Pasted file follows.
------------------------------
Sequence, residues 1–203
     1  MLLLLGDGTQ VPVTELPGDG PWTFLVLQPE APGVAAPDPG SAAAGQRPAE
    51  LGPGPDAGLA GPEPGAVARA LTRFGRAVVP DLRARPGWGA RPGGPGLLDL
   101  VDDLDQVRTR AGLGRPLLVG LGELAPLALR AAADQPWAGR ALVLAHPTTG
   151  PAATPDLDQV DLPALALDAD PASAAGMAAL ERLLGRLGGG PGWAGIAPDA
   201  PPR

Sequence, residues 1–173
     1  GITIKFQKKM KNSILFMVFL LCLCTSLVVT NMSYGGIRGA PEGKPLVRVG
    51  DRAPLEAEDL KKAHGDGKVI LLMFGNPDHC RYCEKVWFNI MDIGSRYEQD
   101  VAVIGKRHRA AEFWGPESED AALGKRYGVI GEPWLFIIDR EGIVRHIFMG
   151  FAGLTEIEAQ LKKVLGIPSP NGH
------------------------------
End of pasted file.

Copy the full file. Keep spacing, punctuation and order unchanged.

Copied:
Sequence, residues 1–203
     1  MLLLLGDGTQ VPVTELPGDG PWTFLVLQPE APGVAAPDPG SAAAGQRPAE
    51  LGPGPDAGLA GPEPGAVARA LTRFGRAVVP DLRARPGWGA RPGGPGLLDL
   101  VDDLDQVRTR AGLGRPLLVG LGELAPLALR AAADQPWAGR ALVLAHPTTG
   151  PAATPDLDQV DLPALALDAD PASAAGMAAL ERLLGRLGGG PGWAGIAPDA
   201  PPR

Sequence, residues 1–173
     1  GITIKFQKKM KNSILFMVFL LCLCTSLVVT NMSYGGIRGA PEGKPLVRVG
    51  DRAPLEAEDL KKAHGDGKVI LLMFGNPDHC RYCEKVWFNI MDIGSRYEQD
   101  VAVIGKRHRA AEFWGPESED AALGKRYGVI GEPWLFIIDR EGIVRHIFMG
   151  FAGLTEIEAQ LKKVLGIPSP NGH